Please help me in finding someone to blame, or at least in doing something to stop other young people from dying of nicotine poisoning. Do we only care to make huge profits? Does a life mean nothing to those who kill people by selling them cigarettes?
Regards
Maria

(C102)Dear NV,

In April of last year my mother passed away of lung cancer caused by her addiction to cigarettes. My father has just recently lost 3 toes to Buerger's Disease, caused by nicotine. My father has since quit smoking but he will go on the rest of his life with a limp and these are not the first digits he has lost to an addiction he just couldn't kick.

In '85 and in '90 he lost the tips of a total of three fingers. My mother smoked right up until the day she died. No matter how hard she tried she could not put down her lifeline, which is what the cigarettes became until she finally lost her life. Now my brother and I have watched these two people that we love dearly go through these tragedies with no way to help.

We are now trying to put ourselves through college because the medical bills are so high that Daddy can barely make the payments no matter how hard he tries. He loves us dearly but there is just so much he can do. I am just wondering if there is anything we could do. Had Mama lived and worked until retirement then maybe we wouldn't be as stretched as we are now. I know this explanation is probably too long and for that I apologize. Thank you for your time.
Sincerely,K. P.

(C108)
I live in the State of New York. My father died of lung cancer in March. Unfortunately, he died a very debilitating death and gasped for air in the last months of his life. The doctors told us that anyone could get lung cancer, but the type of lung cancer that my father had could only be contracted by a smoker. My father smoked for almost 40 years but had quit in the last years of his life. Once again, thank you. R. B.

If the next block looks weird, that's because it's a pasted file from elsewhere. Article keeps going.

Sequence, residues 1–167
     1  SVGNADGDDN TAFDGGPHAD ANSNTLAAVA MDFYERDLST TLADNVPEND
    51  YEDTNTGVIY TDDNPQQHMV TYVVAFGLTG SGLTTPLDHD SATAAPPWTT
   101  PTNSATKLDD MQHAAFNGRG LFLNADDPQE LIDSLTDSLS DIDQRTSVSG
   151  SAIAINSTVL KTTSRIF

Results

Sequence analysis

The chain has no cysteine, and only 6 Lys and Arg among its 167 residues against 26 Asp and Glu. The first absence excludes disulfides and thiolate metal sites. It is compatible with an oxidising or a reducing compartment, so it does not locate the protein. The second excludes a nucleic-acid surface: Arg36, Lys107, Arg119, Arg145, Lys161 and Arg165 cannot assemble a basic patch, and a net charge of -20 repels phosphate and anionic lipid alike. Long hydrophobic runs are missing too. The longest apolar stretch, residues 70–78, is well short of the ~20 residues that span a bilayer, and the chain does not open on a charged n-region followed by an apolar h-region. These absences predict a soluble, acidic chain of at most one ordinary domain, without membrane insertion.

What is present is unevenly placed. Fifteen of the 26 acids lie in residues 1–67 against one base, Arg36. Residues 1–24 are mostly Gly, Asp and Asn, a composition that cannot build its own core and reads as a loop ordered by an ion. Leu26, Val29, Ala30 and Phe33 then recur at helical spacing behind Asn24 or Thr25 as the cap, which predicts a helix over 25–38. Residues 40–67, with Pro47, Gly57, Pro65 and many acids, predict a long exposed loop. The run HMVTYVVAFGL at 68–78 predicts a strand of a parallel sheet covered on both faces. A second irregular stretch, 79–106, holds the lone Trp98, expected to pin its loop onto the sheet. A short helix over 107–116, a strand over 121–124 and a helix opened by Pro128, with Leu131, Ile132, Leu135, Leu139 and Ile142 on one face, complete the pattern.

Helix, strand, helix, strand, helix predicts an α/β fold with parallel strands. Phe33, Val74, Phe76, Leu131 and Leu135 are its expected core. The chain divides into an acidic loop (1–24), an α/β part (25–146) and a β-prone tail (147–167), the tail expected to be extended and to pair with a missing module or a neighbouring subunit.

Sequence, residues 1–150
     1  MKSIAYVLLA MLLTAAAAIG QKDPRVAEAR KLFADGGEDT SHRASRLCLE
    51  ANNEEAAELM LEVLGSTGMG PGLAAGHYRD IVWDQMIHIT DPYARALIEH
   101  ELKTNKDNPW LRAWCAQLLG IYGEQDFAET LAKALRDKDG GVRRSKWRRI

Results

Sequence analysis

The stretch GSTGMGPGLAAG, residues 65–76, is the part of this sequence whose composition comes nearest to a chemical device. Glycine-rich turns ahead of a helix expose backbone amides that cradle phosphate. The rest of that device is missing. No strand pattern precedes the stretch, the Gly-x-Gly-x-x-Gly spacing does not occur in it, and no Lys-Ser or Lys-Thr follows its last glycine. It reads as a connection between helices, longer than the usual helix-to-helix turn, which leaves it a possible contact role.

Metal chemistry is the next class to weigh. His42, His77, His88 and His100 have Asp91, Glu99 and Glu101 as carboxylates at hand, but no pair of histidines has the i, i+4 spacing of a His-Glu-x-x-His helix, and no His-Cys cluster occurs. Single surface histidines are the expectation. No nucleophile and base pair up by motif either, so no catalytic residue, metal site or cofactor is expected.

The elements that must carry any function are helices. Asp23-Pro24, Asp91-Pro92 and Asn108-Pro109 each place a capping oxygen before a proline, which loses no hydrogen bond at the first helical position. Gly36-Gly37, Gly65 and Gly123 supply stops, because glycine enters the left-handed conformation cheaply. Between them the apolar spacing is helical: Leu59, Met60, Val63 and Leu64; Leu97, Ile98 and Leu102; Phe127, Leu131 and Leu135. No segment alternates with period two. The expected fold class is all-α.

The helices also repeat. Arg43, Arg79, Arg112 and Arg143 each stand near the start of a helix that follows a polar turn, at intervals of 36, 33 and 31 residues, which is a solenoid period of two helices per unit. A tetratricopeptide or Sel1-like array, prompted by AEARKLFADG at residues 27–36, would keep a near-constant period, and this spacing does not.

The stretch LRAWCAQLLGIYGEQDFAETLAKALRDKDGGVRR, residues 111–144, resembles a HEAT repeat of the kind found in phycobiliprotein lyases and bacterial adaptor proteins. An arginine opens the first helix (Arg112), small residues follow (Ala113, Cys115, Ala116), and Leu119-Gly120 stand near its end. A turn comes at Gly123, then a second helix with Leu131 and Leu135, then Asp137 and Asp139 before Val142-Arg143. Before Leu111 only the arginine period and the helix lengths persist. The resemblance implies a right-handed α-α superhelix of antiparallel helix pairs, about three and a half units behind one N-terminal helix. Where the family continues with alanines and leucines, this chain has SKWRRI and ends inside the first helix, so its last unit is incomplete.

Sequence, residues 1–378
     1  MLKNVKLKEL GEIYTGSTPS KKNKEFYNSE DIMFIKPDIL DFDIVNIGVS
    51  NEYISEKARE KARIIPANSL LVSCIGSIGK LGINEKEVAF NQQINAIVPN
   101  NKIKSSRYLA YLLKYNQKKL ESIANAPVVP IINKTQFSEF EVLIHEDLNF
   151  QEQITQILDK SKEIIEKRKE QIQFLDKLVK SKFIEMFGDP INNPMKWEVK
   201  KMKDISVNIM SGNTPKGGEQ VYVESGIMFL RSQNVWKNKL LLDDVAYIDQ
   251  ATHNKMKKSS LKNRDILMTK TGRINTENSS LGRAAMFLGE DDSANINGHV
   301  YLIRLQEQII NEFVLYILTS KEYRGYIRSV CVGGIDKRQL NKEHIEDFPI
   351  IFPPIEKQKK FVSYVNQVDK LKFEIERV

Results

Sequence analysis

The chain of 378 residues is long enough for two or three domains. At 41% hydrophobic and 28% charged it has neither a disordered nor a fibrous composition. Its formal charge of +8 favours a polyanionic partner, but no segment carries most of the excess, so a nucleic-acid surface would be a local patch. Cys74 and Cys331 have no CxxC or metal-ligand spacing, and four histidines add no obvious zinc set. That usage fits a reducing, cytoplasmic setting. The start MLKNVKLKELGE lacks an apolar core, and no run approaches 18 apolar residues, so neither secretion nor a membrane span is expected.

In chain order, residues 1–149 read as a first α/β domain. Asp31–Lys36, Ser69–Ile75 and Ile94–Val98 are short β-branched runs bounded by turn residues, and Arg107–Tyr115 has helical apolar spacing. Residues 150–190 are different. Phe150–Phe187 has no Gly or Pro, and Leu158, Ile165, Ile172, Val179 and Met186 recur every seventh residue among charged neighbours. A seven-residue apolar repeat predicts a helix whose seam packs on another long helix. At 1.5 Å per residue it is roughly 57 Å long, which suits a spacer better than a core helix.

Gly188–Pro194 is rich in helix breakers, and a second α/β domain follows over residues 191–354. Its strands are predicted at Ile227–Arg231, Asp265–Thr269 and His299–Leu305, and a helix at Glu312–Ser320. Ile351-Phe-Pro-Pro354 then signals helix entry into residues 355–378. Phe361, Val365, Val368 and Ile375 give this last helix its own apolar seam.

(C121)Hello,

I am a thirty-year-old woman who had smoked for 15 years and surrendered March 31, 1998. I was told that I have cervical dysphasia, which could very well lead to cancer. I had a biopsy and am to return to the doctor in September for another Pap Smear and possible biopsy to decide whether or not they want to do surgery.

I didn't think at the age of fifteen that smoking was a bad thing. I thought it was cool, it made me appear grown up. I quickly became addicted to them without even realizing it. I am trying to explain addiction to my stepson who at the age of twelve is now smoking. I told him to hold his breath for as long as he can, which he did and then he said, "I need to breathe". That is what addiction is like, you need to smoke. Your body craves it, your mind makes you think you will die without one when the truth is... you will die with them.

If you are a smoker, there is a time when it is too late, please break through your denial that cigarettes won't kill you and find a way that works for you to let them go. It is possible. You weren't born a smoker, you don't have to die one. J. S.